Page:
Snorkelers can explore the shallow areas of the reef or hover on the edge of walls and slopes, where clear waters let them watch divers below. Photo by Walt Stearns

Snorkelers can explore the shallow areas of the reef or hover on the edge of walls and slopes, where clear waters let them watch divers below. Photo by Walt Stearns

Once in the water, snorkelers have the option of exploring shallow areas of the reef, or hovering on the edge of walls and slopes, where clear waters let them watch divers below. And after exploring the deeper regions of a site, divers can extend their bottom times by ending their dives in the shallows, investigating the same formations as the snorkelers. Back aboard, there are always fresh towels, minty facecloths, snacks and a comfortable bathroom.

A majority of Wakatobi's dive sites are just a short boat ride from the resort and are equally rewarding when seen from the surface. Photo by Warren Baverstock

A majority of Wakatobi’s dive sites are just a short boat ride from the resort and are equally rewarding when seen from the surface. Photo by Warren Baverstock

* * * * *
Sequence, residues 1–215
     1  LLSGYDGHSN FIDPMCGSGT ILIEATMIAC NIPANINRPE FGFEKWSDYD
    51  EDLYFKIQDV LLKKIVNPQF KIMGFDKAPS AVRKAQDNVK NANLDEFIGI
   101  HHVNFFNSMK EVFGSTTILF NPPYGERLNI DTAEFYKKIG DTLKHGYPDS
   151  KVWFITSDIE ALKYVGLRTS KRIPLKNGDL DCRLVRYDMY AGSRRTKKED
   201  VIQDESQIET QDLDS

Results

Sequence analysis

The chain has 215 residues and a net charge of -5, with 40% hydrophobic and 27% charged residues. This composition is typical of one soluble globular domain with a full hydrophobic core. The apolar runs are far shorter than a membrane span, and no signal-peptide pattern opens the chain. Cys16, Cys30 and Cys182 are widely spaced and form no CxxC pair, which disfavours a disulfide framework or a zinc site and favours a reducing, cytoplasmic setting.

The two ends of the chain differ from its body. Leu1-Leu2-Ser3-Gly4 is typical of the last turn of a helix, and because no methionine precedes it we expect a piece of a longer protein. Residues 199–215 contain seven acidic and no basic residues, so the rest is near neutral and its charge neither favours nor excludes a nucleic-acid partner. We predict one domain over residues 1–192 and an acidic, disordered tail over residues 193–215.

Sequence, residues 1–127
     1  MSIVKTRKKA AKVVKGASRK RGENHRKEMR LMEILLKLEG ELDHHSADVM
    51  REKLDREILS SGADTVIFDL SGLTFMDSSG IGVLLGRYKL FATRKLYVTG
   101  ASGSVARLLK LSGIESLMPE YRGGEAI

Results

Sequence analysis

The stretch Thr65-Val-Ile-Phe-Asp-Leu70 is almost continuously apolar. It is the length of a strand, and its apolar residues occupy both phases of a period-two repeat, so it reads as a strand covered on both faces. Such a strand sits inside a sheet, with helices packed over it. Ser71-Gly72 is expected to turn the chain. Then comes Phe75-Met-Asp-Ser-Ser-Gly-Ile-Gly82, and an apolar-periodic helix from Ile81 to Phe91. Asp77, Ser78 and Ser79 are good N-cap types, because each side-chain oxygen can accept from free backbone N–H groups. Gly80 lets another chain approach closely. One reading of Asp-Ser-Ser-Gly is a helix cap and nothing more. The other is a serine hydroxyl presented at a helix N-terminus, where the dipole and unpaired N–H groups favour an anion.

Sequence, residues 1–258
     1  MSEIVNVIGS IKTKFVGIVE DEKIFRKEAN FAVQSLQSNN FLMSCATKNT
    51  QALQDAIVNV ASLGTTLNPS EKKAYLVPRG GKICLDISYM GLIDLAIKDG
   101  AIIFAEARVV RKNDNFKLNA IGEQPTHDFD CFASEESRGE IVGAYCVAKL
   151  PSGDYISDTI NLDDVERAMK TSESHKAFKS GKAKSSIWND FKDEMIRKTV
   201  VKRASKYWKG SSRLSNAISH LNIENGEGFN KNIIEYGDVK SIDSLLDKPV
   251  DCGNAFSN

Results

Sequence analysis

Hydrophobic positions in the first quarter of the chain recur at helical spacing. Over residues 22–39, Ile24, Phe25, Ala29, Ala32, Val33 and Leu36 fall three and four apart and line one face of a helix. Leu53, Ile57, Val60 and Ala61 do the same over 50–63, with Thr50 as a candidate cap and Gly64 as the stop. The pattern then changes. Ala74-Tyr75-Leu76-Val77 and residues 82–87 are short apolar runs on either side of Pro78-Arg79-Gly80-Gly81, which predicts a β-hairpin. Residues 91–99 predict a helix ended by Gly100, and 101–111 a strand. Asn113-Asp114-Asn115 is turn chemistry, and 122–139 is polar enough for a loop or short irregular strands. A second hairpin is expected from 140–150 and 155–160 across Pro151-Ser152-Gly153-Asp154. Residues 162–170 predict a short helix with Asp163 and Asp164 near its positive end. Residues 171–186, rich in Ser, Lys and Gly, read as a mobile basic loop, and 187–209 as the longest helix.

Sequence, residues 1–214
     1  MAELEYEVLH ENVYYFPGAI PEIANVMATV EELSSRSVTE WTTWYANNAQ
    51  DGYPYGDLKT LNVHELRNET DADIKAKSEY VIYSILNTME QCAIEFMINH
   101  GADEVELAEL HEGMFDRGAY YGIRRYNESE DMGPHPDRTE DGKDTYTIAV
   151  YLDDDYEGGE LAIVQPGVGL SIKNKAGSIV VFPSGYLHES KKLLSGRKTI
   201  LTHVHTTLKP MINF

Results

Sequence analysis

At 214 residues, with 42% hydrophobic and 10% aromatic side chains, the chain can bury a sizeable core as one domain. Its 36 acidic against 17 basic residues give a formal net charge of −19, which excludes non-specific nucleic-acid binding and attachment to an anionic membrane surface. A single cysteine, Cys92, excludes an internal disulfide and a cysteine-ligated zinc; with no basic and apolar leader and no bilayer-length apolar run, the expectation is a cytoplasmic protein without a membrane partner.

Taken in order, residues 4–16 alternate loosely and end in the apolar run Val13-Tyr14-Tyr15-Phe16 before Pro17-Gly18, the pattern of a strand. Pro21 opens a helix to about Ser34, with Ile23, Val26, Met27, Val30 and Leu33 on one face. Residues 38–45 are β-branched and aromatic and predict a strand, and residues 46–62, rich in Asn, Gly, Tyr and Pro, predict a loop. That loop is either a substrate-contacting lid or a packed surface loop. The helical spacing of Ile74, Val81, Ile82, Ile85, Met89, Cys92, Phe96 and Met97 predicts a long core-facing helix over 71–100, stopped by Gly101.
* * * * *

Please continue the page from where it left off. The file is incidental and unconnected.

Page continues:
Close to home

Some of the best places for blended snorkeling/dive trips are located just a short boat ride away from the resort by boat. One that is sure to be on the roster several times each week is Roma. This famous pinnacle is a must-do for divers, and it is equally rewarding when seen from the surface. Divers will want to follow to the slope down to view the site’s namesake colony of turbinaria coral, which resembles a gigantic rose more than 20 feet across. Meanwhile, up on the pinnacle’s coral-covered crown, snorkelers will be immersed in swirling schools of fusiliers, pyramid butterflyfish, sergeant majors, snappers and redtooth triggerfish. Those who swim towards blue water may also run into blackfin and bigeye barracuda, snapper, crevalle jack, turtles and eagle rays. With ample sunlight, the formations of potato and table corals that decorate the perimeter are a good place to look for more elusive finds such as ribbon eels, leaf scorpionfish, pipefish, carpet anemone shrimps and rockmover wrasses.

Table Coral City is another great dive-and-snorkel site within just a few minutes of the resort. Photo by Walt Stearns

Table Coral City is another great dive-and-snorkel site within just a few minutes of the resort. Photo by Walt Stearns

Another premier dive-and-snorkel destination within a few minutes of the resort is Table Coral City. In addition to expansive coatings of the site’s namesake coral, this large seamount supports intricate groves of staghorn and cabbage corals. In mid day, the upper reaches light up as sunlight reflects off the scales of swirling anthias, which flit about by the thousands. Leaving the shallows behind, divers move onto slopes coated in gorgonians and a riot of sponges. A resident school of chevron barracudas often circles the mound, and giant trevallies hunt in the shallows.